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Following over four decades of minor interest in our closest cosmic neighbor, a Chinese rover pushes forward moon exploration with new space rock. Chinese researchers recently reported that a sample of lunar rock provided by rover Yutu is different from anything past sample return missions had brought.
Researchers involved in the Chang’e-3 moon mission, China’s first successful attempt to land a unmanned craft on the moon, unveiled that the volcanic rock samples analyzed by the mission’s rover Yutu were never seen before.
Scientists based their findings on spectrometer data provided by Yutu’s instruments over the course of its stay on the lunar soil. Yutu was deployed on the moon in Dec. 2013 after more than 40 years of human absence on the lunar surface (U.S. astronauts’ last visit to the moon was in 1972).
After 30 days of exploring the landing site in the Imbrium basin, the tiny rover lost ability to move, but it continued to be functional. In the meantime, scientific data it has beamed back to Earth was of a much greater quality than what U.S. and Soviet missions had managed to produce in the 1970s.
Zongcheng Ling, lead author of the study which was published in the scientific journal Nature Communications and researcher with the China-based Shandong University, explained that the newly found space rock is a volcanic rock that emerged when the hot ancient lava in the Imbrium basin had cooled. Scientist also found that the rock is relatively young when compared with other rocks found on the moon or in lunar meteorites.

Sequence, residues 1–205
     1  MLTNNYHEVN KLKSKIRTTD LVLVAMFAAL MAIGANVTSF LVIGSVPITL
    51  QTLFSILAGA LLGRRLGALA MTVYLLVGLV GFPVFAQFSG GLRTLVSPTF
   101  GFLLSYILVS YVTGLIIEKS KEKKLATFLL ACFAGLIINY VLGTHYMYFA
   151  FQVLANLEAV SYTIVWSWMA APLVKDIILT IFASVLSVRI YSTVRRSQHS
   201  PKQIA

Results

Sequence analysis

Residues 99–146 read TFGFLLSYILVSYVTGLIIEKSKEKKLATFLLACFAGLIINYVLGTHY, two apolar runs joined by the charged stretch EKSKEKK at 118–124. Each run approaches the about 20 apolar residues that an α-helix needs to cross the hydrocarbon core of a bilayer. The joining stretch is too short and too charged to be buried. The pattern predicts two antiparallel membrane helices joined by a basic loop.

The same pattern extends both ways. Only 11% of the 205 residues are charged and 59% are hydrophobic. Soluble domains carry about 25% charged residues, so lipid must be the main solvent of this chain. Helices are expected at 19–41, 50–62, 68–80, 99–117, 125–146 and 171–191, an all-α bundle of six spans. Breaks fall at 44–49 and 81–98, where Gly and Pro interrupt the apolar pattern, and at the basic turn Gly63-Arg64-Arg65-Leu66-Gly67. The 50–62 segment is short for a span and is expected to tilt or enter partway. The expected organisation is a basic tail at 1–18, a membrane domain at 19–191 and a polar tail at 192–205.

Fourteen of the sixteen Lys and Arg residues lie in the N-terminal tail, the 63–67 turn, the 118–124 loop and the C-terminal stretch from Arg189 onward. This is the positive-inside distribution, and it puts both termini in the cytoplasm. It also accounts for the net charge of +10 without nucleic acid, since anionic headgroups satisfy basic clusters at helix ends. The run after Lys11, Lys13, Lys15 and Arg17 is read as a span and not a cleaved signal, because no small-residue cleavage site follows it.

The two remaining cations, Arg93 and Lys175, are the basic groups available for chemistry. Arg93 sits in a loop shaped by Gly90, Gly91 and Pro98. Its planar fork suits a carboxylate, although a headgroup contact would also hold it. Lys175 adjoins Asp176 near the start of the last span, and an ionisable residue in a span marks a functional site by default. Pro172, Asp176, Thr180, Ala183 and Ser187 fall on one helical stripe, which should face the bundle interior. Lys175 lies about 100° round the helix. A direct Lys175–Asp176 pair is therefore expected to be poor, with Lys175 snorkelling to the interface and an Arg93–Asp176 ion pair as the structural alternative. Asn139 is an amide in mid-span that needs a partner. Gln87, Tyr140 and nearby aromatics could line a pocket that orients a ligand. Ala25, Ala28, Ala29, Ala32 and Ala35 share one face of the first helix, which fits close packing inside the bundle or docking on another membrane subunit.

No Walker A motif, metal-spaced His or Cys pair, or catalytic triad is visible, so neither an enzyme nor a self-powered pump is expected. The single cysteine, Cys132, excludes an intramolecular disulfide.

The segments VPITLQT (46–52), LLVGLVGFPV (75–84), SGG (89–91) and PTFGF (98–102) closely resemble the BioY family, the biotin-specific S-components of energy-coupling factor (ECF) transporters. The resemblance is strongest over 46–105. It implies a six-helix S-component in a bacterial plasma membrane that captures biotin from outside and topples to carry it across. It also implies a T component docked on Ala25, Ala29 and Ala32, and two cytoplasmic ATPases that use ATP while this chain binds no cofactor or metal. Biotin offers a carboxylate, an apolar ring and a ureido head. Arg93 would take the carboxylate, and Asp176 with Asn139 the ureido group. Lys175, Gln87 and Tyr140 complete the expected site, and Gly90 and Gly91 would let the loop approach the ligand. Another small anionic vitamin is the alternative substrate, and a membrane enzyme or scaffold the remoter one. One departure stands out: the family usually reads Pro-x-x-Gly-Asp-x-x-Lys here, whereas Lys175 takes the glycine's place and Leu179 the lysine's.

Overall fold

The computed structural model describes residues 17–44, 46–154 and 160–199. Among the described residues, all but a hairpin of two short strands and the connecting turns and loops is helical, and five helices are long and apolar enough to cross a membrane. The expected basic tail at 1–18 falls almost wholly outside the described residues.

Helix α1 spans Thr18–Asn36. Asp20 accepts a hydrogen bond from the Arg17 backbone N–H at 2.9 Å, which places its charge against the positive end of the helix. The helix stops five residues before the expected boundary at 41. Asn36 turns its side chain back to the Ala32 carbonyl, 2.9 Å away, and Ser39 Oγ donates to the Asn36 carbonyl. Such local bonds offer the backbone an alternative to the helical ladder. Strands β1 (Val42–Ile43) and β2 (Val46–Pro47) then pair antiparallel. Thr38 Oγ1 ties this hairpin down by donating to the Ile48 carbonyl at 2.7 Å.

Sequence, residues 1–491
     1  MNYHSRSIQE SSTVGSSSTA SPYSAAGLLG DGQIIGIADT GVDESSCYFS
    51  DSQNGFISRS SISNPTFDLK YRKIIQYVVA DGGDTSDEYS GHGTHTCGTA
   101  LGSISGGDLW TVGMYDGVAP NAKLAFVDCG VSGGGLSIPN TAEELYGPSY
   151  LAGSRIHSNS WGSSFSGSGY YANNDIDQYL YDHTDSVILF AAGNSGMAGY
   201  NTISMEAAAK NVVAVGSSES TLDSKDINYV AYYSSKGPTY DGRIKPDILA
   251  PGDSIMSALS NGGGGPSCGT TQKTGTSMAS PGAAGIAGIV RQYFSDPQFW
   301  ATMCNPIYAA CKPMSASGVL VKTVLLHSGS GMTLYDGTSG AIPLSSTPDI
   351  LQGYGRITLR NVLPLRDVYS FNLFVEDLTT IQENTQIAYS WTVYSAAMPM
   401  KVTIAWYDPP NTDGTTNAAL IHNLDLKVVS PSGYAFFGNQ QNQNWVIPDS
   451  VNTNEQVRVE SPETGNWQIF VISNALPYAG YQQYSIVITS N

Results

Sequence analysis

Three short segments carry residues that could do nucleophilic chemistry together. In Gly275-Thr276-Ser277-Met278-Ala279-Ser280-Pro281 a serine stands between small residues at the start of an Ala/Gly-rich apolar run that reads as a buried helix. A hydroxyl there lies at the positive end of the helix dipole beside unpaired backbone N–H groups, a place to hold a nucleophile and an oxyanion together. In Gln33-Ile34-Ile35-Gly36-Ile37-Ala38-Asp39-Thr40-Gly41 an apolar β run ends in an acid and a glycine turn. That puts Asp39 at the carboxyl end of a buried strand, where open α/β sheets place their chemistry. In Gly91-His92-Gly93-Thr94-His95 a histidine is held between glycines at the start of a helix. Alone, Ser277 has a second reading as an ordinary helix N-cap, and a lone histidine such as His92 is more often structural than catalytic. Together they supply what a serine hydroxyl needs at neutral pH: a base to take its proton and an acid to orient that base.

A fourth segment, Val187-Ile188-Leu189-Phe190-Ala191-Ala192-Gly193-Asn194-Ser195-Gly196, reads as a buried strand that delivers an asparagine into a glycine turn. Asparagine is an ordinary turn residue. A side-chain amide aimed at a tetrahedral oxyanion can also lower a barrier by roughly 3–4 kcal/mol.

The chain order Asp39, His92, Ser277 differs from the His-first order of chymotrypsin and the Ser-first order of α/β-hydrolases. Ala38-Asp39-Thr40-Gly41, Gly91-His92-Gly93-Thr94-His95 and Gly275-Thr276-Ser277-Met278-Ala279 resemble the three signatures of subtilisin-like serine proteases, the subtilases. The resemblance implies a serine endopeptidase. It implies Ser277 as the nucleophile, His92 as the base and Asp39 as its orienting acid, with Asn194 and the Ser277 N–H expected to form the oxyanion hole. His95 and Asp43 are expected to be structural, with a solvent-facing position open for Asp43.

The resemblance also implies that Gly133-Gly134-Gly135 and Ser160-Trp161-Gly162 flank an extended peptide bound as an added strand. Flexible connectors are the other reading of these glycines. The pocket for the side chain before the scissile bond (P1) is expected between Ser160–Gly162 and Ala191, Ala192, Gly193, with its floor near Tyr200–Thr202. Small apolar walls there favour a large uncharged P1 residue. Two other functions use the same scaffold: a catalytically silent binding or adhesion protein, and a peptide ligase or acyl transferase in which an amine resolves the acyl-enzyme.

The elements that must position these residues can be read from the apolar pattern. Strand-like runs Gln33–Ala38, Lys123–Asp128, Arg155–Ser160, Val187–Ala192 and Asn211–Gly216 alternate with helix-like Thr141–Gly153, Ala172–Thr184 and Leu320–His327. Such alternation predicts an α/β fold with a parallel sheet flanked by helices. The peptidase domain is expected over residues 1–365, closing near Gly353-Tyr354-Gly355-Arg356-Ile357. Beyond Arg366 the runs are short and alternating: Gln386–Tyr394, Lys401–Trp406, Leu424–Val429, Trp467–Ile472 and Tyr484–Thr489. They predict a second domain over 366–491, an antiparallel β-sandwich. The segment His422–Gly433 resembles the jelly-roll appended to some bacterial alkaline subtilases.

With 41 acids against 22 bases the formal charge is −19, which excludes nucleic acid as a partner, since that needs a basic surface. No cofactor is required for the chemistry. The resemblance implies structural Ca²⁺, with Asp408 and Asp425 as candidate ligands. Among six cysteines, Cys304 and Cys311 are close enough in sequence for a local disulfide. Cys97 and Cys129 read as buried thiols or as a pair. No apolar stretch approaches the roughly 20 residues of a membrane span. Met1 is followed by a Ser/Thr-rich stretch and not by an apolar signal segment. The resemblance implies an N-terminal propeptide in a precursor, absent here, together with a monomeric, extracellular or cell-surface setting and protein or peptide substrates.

The rock’s chemical composition is different from anything Apollo and Soviets’ Luna programs had revealed. Laboratory tests showed that the piece of volcanic rock known as a basalt is rich in iron, olivine and titanium oxide.
Ling believes that the unique makeup could help scientists gain a deeper understanding of the moon’s subsurface, from which the rock originates, and on the lunar history.
Imbrium basin is a large lava flood plain that you can see with no optical instrument if you watch the moon from the northern hemisphere. The basin is located at 11 o’clock on the extreme outer edge of a huge dark spot which makes up the right ‘eye’ of the mysterious ‘man in the moon.’
Other planetary scientists noted that they weren’t surprised with the new discovery because they were aware that we still hold little knowledge of the moon since recent space exploration missions would rather target more remote objectives such as Mars or asteroids.
Image Source: Phys